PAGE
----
Fossiled Priorities In IPP Regulations?

Image: Flickr, PROJoe A. Kunzler
Image: Flickr, PROJoe A. Kunzler

The Department of Minerals and Energy (DME) released its draft independent power producer (IPP) regulations on January 30 with a harsh deadline of March 2, for public comment.

What is interesting is the timing of this release. The National Energy Regulator of South Africa (Nersa) released its consultation paper and draft guidelines on the renewable energy feed-in tariff (Refit) in December, conducted extensive public hearings and released its final draft of the Refit policy at the end of March. The question that arises is whether the DME was attempting to complement or thwart Nersa in its Refit policy.

However, what the IPP regulations undermines is the choice of the feed-in tariff as the primary incentive for attracting investments in renewable energy projects. As the Refit consultation paper tells us, “feed-in tariffs are, in essence, guaranteed prices for electricity supply rather than conventional consumer tariffs”.

The reason why Nersa preferred a feed-in tariff to a tendering system was that “tendering systems tend to favour established businesses and can allow existing companies to keep potential competitors out of the market…

“Thus, it is difficult to reconcile the existence of a feed-in tariff with a competitive tendering system, especially during the early stages of renewable energy’s ‘career’ in South Africa.

Unless there are aggressive incentives provided to renewable-energy generators, it is difficult to imagine how the carbon emissions targets identified by the Department of Environment and Tourism and 10 000 GWh of renewable energy by 2013 can be met.

It is submitted that the draft IPP regulations do not, in a number of respects, complement Nersa’s Refit. On a procedural level, public participation in effecting the IPP regulations was cut off prior to Nersa releasing its final policy.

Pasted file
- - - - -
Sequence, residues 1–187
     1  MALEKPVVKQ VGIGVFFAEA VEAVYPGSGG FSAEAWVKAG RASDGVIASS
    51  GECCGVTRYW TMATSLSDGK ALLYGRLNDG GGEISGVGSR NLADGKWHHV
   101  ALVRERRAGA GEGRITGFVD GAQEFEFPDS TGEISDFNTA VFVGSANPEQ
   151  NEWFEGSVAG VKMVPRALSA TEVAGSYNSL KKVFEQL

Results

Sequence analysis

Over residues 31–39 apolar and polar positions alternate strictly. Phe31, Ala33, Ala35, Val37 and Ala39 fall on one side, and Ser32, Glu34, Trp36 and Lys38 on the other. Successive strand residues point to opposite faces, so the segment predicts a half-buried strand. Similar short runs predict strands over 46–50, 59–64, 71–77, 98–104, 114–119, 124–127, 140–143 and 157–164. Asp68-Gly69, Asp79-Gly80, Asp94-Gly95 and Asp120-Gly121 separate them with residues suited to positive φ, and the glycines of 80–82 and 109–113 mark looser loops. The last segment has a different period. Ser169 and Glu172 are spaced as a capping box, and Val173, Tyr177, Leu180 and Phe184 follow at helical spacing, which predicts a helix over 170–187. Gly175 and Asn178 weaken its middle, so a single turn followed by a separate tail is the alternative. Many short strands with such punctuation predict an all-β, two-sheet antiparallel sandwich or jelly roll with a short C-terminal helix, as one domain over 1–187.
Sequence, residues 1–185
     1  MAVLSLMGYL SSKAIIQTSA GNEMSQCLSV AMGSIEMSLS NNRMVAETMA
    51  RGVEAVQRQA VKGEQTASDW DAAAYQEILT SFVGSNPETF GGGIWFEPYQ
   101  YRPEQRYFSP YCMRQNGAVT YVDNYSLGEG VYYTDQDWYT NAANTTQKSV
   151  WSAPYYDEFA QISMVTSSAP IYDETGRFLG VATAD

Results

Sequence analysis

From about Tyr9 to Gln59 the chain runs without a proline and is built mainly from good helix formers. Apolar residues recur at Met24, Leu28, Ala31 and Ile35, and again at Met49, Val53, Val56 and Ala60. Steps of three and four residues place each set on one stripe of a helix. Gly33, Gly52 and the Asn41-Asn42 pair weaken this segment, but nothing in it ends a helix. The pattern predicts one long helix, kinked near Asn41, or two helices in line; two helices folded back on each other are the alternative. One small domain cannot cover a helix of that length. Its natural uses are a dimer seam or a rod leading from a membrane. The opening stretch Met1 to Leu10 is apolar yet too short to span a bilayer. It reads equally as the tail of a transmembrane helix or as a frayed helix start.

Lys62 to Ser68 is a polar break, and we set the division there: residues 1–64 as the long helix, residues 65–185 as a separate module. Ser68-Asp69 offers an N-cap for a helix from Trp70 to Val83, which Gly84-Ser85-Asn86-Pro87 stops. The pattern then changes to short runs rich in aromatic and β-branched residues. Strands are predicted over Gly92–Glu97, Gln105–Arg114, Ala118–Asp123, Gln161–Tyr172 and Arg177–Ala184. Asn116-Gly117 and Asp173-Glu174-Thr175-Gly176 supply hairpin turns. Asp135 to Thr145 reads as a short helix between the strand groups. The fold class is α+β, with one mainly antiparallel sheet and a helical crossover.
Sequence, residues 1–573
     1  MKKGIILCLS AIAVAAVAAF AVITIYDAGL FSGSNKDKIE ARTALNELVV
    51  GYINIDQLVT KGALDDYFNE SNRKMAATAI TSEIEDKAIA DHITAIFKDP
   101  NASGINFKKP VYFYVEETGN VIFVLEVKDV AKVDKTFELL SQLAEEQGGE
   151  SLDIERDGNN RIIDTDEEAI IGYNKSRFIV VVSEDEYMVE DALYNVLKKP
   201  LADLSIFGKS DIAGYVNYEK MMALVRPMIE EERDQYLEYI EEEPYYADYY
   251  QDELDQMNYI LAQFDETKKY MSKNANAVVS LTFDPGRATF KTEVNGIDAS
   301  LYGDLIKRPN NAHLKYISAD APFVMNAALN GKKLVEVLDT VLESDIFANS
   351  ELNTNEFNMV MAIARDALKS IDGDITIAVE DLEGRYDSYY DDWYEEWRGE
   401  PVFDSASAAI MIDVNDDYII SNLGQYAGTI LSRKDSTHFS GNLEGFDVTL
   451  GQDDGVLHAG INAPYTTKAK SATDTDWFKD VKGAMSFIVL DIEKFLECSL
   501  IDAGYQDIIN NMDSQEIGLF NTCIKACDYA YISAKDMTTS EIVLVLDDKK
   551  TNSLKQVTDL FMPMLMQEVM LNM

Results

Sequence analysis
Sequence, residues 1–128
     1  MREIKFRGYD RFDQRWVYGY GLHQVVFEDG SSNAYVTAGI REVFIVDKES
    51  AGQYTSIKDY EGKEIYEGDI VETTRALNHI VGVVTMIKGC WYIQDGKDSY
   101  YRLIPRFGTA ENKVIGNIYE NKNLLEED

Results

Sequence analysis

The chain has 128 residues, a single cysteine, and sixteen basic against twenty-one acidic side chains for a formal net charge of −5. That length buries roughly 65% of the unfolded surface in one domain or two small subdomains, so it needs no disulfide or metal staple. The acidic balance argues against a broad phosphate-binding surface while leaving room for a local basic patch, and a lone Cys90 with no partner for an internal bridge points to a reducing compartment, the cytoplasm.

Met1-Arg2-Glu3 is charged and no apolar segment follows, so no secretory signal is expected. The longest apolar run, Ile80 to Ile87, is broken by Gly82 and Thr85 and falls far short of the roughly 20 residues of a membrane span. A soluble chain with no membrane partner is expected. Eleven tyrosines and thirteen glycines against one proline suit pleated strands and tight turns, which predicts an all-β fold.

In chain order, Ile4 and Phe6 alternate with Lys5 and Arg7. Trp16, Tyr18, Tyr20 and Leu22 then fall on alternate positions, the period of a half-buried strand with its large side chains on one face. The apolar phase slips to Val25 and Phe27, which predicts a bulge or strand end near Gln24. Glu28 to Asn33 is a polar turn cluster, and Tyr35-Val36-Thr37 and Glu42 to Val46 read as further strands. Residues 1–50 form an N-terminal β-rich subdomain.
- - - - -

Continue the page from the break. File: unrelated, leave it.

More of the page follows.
Thus, any meaningful suggestions with regard to reconciliation of the IPP regulations and the Refit policy were pre-empted. This may have serious consequences for the final renewable energy regulatory framework; for instance, what several organisations and businesses urged for at the Refit hearings was for Eskom to assume a “priority obligation”, that is, they would give priority to renewable-energy generators over other fossil fuel generators.

Considering the modest generation capabilities of potential renewable-energy generators, this proposal would not put a dent on the existing electricity production of fossil fuels.

Eskom’s generation reserve margin has fallen below 10% and renewable-energy generators can make that up in the near future. The competitive bidding process not only does violence to the suggestion of giving priority to renewable-energy generators, but also effectively ensures that it never sees the light of day by putting all sources of electricity competitively at the same pedestal.

While it is possible to complement a competitive bidding process with regulatory supervision to favour certain technologies/sources at the request-for-proposal and the request-for-qualification stage, the same cannot be ensured if generation projects are selected on an ad hoc basis.

Minerals and Energy Minister Buyelwa Sonjica recognised the importance of Nersa’s Refit at the Climate Change Summit on March 3 when she said: “[The] feed-In tariff could play an important role in stimulating the renewable-energy market in South Africa, diversifying our energy mix and promoting the development of independent power producers.”

However, the IPP regulations erode the purpose of the Refit policy as fossil fuel generators would potentially outbid renewable energy generators.

Other than the competition faced from fossil fuels, a competitive bidding process would also create a lot of competition between renewable-energy sources as the IPP regulations do not contemplate separate technology targets or tenders.

This problem may be encountered in the Refit policy as well where there may not be a diverse mix of renewable-energy technologies in the event a single tariff is opted for (which was advocated by some stakeholders during the Nersa hearings). Size does matter – what transpired at the Nersa hearings is that a number of potential generators are small-scale entities and would clearly not be able to compete with larger, more established entities that are, perhaps, international generators. It is not difficult to imagine the consequences of a hydropower generator competing with a wind farm owner against Eskom for feeding power into the common grid.

The relationship between Deat, the DME and Nersa appears to be more competitive than conversational in relation to South Africa’s renewable-energy policy. This institutional and policy uncertainty would certainly derogate the willingness of new investors to reduce our dependence on fossil fuels.